Credibility the key to graft crackdown

PUBLISHED : Thursday, 07 November, 2002, 12:00am
UPDATED : Thursday, 07 November, 2002, 12:00am

The expulsion of former Bank of China chief Wang Xuebing from the party on graft charges days before the opening of the crucial 16th party congress sends an important message, but it also underscores the difficulty of waging a credible campaign against corruption.

The Communist Party must be seen to be cracking down on sleaze and fraud in order to ease public discontent over rampant corruption. The move against Wang is especially well-timed, as private entrepreneurs are being allowed to join the party for the first time. In announcing Wang's expulsion, Xinhua also condemned his 'decadent' lifestyle, saying he abused his position by receiving expensive gifts and large bribes.

Wang, an alternate member of the Central Committee of the 15th party congress, is an easy target because his punishment has been widely expected since he came under investigation this year.

'The Wang Xuebing case has to come to a closure,' said Hu Shuli, managing editor of Caijing magazine, which has published investigative reports on several high-profile corruption scandals. 'It shows that such a large-scale corruption cannot escape public scrutiny and has to be dealt with.'

But the public is not easily satisfied by anti-corruption efforts, said one political scientist.

'The problem is the credibility gap as the public turns sceptical about the fall guy,' he said. 'People ask why Wang? Why not others?'

Speculation is rife that the crackdown is often politically motivated. Wang's spectacular fall followed the sentencing of Zhu Xiaohua, former head of the state-run Everbright Group, to 15 years in prison. Both Wang and Zhu were said to be proteges of Premier Zhu Rongji.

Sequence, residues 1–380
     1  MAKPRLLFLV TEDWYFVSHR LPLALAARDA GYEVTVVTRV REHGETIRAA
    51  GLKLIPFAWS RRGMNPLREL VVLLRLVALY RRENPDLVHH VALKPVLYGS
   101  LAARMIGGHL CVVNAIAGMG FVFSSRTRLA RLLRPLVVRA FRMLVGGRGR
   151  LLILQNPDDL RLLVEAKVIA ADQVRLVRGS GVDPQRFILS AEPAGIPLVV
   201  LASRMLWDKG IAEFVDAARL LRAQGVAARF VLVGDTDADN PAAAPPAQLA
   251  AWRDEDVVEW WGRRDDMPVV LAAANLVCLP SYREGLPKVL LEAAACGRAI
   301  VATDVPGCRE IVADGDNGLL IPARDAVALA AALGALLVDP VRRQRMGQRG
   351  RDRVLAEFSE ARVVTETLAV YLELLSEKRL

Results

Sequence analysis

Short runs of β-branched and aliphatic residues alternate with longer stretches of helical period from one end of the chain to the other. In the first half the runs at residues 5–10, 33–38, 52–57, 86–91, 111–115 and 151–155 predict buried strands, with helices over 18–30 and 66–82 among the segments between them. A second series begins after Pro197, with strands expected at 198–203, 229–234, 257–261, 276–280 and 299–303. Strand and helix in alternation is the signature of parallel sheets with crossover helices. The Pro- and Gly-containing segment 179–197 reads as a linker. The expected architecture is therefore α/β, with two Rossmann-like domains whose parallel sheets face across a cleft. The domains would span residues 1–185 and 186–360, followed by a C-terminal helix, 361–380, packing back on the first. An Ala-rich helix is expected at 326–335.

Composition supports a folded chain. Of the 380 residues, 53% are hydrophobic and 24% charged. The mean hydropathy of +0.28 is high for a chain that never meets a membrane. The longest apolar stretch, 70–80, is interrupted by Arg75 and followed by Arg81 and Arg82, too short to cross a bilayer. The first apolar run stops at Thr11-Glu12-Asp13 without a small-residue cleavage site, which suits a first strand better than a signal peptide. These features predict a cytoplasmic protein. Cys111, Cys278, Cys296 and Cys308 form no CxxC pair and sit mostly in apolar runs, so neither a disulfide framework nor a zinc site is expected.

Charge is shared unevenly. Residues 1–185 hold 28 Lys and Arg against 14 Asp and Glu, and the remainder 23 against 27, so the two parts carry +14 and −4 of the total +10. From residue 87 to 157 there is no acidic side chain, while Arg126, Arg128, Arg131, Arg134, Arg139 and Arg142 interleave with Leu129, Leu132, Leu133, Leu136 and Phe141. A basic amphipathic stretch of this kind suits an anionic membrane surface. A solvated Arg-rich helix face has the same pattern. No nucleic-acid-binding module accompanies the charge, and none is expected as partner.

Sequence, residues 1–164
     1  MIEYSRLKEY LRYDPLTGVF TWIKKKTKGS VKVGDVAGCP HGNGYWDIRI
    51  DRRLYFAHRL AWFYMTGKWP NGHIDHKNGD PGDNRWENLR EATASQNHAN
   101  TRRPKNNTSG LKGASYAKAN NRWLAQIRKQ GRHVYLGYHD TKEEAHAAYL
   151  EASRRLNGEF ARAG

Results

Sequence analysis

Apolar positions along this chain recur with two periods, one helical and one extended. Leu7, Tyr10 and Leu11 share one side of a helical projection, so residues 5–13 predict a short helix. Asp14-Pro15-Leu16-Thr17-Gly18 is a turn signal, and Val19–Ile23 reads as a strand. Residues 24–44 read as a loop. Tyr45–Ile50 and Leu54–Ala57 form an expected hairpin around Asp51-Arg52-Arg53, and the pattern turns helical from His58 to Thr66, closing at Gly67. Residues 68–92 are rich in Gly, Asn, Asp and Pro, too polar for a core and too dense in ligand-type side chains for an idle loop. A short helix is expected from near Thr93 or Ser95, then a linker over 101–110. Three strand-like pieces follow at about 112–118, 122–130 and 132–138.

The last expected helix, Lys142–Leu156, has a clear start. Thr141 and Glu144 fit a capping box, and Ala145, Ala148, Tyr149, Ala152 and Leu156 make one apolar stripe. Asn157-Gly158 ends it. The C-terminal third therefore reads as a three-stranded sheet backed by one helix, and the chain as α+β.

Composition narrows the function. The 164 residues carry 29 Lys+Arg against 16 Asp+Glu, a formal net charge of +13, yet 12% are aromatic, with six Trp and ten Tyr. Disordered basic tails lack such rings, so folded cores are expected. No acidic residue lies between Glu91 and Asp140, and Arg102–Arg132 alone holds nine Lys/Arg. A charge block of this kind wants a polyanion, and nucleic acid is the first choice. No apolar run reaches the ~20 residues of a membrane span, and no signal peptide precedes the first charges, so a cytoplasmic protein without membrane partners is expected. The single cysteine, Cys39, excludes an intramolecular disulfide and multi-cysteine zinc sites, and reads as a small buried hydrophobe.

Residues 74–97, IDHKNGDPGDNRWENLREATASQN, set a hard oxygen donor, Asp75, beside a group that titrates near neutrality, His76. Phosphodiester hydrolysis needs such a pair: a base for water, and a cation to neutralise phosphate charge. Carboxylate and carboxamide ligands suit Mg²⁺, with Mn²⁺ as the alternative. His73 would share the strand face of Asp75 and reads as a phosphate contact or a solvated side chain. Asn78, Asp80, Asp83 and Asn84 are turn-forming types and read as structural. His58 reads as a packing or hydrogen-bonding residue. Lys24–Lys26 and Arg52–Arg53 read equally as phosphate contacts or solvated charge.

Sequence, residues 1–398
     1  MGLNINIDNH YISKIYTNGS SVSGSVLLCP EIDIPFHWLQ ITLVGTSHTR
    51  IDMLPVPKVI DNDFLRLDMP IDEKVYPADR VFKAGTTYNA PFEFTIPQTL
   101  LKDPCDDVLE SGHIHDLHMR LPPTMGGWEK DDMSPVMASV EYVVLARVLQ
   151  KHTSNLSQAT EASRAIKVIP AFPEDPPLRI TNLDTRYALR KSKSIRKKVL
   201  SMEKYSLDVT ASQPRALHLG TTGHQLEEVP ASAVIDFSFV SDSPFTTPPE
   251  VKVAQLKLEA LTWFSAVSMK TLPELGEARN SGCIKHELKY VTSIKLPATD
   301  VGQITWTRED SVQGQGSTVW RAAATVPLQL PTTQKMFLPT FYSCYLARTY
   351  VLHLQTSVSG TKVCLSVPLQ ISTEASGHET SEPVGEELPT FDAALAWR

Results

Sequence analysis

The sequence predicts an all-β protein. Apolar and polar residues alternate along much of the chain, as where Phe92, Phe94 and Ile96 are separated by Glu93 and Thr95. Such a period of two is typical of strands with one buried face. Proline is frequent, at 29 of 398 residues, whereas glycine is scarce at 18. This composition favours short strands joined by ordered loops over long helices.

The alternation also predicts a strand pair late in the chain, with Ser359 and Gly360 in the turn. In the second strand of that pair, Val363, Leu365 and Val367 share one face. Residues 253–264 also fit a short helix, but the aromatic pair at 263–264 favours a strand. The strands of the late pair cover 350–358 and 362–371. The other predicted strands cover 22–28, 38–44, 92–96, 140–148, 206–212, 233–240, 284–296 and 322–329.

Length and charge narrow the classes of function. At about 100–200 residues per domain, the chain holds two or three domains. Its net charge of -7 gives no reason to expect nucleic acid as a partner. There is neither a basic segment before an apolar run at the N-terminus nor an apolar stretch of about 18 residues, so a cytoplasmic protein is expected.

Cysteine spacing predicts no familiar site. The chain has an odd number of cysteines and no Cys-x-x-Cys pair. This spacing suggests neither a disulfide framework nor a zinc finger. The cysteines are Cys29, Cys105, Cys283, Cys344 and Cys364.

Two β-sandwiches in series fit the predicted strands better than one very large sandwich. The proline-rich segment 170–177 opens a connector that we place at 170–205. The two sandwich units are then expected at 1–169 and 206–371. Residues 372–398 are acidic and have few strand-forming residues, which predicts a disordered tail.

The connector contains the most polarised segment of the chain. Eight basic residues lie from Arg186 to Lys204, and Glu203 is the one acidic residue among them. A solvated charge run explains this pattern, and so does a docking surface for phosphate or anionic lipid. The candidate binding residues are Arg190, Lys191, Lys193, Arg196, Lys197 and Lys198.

Gao Yan, former chief of State Power Corp and a full member of the Central Committee of the 15th party congress, reportedly fled to Australia after an inquiry was launched. Gao was from National People's Congress chairman Li Peng's camp.

Jia Qinglin, former Beijing party secretary, has been under a cloud for his alleged connection to the Yuan Hua smuggling scandal when he served as governor of Fujian. He is tipped to take a seat on the seven-member Standing Committee of the Politburo or even to become chairman of the People's Political Consultative Conference.

If he succeeds in winning one of those top posts, the anti-corruption campaign would lose credibility, the source said.

'The Communist Party wants to win public support by showing its resolve to achieve transparency, honesty and accountability, but the clean-up effort is too often seen as just window-dressing,' he said.